A recent experience at work just had to become a blog – mainly because this is about the third time that this has happened to me. Police resisted becoming involved in a mental health job – causing delay, inconvenience and frustration to the frontline professionals involved – and were then thanked for doing so, because the resistance and the escalation it caused brought to managers’ attention issues faced by frontline NHS staff. This is something that frontline staff were grateful for, because their attempts to address the same problem were not, in their view, listened to or acted upon.
Officers were requested to attend a premises after a very elderly lady had been detained under the Mental Health Act. The request was for officers to use reasonable force to coerce her to hospital, the AMHP having explained that she had to go because she’d been ‘sectioned’. The lady did not agree on the need for it or the legalities of it, so reasonable attempts to persuade, encourage and direct having been tried and failed, the police were called.
The control room in the relevant area despatched officers to the address to assess the situation after the lady was described as verbally aggressive but quite rightly on the part of the police, there was a reluctance from the start. I say this because the thought of two taser-equipped police officers, in stab vests with batons coercing an octogenarian from her home is not attractive. Aren’t we supposed to use force in the ‘least restrictive’ way?!
Only this week, I’ve blogged on the back of publicity for an incident in Lincolnshire where the police use of force on a dementia patient was massively criticised, despite the fact that “significant levels of violence” were displayed and despite most people, including me, not knowing the full facts. The internet was alive with a broader debate about whether the police should be the agency to coerce people at all, where it is in the context of MHA admission. So today, my force were asked to coerce a substantially older patient who was verbally and passively resistant to admission. At no stage had she attempted to hurt anyone.
The duty inspector in this particular area was quite clear to his staff: “We’re not going ‘hands on’ first. That’s not our job. If the NHS find that resistance to their attempts to move this lady escalates to violence towards them and they are at risk of being hurt, then we’ll assist. But it’s not dignified for this woman to be dragged to hospital by the police when she’s probably fairly frightened by the prospect already.” He deployed his officers to assess the situation, they tried verbally reasoning – as I’m sure the AMHP already had – but to no avail.
I got brought into this to advise the duty inspector on whether he was on safe grounds to continue to refuse? His approach stacked up to me. What happens if the officers say “OK, let’s crack on” and then restrain the patient only to break her arm – bearing in mind she was in her late 80s? You can then see the headline, “Police break elderly dementia patient’s arm” and then we’re talking about policing again, rather than about decisions taken by the NHS – consciously or otherwise – to have no appropriately trained mental health resources available to the AMHP to avoid the use of the police.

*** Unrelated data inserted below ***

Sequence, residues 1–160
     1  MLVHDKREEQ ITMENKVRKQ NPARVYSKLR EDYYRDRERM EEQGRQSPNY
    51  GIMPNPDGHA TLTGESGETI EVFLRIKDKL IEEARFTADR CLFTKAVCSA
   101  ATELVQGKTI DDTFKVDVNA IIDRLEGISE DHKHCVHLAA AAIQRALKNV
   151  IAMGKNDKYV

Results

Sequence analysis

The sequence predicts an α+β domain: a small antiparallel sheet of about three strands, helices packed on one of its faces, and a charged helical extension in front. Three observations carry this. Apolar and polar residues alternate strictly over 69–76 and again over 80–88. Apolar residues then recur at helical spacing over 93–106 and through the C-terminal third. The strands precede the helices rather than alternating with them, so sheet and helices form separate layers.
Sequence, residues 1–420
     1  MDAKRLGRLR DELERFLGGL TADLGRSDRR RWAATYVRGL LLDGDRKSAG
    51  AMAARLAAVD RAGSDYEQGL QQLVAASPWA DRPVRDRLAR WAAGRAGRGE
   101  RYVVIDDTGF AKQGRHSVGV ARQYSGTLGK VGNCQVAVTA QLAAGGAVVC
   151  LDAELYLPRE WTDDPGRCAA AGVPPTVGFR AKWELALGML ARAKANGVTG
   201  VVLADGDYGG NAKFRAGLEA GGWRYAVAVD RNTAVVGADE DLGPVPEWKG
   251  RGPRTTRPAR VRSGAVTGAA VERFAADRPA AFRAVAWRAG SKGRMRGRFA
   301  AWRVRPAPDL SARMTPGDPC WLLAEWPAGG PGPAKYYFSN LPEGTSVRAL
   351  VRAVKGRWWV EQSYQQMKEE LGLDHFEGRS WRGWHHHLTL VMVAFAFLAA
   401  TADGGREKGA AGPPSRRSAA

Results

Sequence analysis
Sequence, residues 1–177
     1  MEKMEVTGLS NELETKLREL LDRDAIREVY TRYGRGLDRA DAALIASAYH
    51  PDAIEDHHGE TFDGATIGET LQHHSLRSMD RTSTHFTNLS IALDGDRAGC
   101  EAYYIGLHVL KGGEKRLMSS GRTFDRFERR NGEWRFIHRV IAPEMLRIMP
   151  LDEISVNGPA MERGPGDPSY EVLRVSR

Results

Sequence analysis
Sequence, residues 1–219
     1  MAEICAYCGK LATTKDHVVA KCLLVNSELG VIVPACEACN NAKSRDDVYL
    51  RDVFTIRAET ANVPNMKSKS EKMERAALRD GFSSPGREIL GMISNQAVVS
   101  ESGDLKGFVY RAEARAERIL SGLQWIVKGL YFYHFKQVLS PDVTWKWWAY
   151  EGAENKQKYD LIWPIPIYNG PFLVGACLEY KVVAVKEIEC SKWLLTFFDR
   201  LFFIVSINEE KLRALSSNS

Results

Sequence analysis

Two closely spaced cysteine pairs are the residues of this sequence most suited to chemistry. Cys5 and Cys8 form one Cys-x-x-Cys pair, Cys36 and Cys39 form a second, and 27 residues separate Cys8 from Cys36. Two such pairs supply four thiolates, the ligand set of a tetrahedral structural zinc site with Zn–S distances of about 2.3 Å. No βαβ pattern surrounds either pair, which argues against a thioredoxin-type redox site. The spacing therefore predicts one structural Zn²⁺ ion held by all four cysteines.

Meanwhile, the AMHP who had been there several hours with someone in custody escalated the issue to an AMHP-lead in her area – why were the police not agreeing to this and what was she to do? In the conversation I had with the AMHP-lead, I outlined that in my view there needs to be something in between the patient saying, “Sorry I’m not going” and the AMHP saying, “Call the police”. NHS Trusts often employ thousands of people, community based and inpatient based – why can’t they arrange to deploy two C&R trained staff?
I’ve said this before: if you want to be in the coercion business, you should expect to find yourself in situations in which you need to coerce. A patient, once sectioned, is actually in the legal custody of the AMHP and parliament gave the AMHP “all the powers of a constable” in these situations for a reason. This should be reflected in acceptance that there are at least some situations in which those powers should be used. Yes, I know that the AMHP can delegate authority to anyone else: but they may not DIRECT anyone else to accept that delegated authority. Again, we must presume that parliament legislated like this for a reason. Low level, passive resistance would seem the place, as far as I’m concerned, to see AMHPs and / or their NHS or Local Authority colleagues using appropriate training to act for themselves.